As someone who wants to go into sports reporting when I graduate, I’ve always loved statistics. I remember sitting at my kitchen table as a kid, pouring over the baseball box scores over breakfast, trying to soak in all the numbers I could. Outside of that, I never really thought about the data in terms of journalism.
Boy, was I wrong.
Data is the future of journalism. I realize I might be a little biased in that a majority of the homework I have done over the past three weeks has dealt with data in some way with data.
Journalism is a changing industry. That in itself isn’t a ground-breaking statement. The news cycle today looks exponentially different then it did ten (or even 5) years ago. As the journalism industry moves closer towards having the norm be digital and alternative story forms, we have multiple opportunities that are ripe for the inclusion of data.
As the Data Journalism Handbook says, “journalists should see data as an opportunity.” One of the things that i’ve realized recently is how much transparency in reporting is important. Twice this semester we as a news organization (The Kent Stater) put out pieces describing the reporting process we did for bigger stories, and the feedback we received for those pieces was mostly positive. I think that data fits into this category.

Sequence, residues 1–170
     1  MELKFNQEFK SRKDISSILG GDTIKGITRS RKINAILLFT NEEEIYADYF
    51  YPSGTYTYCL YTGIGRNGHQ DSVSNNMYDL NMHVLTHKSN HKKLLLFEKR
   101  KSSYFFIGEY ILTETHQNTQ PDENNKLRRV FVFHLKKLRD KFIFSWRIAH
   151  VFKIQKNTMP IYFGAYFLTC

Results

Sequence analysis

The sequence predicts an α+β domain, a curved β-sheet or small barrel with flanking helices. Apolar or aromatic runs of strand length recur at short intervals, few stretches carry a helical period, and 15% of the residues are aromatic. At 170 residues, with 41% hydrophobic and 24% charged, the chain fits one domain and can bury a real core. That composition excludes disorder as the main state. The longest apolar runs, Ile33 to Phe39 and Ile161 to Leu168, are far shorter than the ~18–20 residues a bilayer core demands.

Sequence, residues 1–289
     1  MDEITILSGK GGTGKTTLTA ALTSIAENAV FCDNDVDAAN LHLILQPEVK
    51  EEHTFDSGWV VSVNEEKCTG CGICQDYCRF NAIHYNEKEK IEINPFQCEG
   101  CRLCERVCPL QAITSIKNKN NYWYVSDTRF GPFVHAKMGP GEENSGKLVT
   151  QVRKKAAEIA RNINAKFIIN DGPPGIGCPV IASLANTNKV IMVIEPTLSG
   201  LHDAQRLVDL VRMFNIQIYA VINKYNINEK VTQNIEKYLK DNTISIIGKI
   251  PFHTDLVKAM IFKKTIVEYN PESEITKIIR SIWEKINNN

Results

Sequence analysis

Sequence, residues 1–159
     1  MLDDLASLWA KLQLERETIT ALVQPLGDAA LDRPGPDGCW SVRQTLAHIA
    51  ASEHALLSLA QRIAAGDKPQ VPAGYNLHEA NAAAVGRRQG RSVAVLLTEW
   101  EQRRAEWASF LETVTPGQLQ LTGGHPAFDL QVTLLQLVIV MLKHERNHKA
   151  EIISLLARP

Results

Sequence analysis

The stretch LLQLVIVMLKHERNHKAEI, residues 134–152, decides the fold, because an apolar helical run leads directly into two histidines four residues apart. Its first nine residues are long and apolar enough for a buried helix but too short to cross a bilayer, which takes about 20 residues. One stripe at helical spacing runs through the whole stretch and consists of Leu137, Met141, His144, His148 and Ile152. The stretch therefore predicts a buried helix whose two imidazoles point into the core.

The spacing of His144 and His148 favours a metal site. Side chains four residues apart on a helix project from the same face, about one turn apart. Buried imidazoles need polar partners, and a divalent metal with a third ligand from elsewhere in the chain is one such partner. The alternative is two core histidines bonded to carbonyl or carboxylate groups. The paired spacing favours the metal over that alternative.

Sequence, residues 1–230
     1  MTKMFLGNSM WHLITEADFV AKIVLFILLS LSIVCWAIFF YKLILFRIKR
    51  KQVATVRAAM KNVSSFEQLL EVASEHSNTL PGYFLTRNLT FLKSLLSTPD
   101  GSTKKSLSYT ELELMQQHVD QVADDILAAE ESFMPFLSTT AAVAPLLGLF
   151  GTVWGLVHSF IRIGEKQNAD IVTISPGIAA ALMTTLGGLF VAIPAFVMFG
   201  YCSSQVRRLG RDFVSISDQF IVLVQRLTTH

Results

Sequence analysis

Through this class, i’ve become even more proficient in Excel and have started to learn more about Tableau, which has been extremely helpful. One of the things that I was hesitant about in data is that all of the programs can be very overwhelming at first, but they’re incredibly easy to use once you get a hold of it.
And as this Medium post says, “you don’t need to be a coder to use data.” Putting a excel spreadsheet or graph showing data in a big or complicated story not only helps you as a reporter organize the information you need, but also helps your reader not only understand your reporting process, but also understand the information as well. At the end of the day, that’s what journalism is all about, right?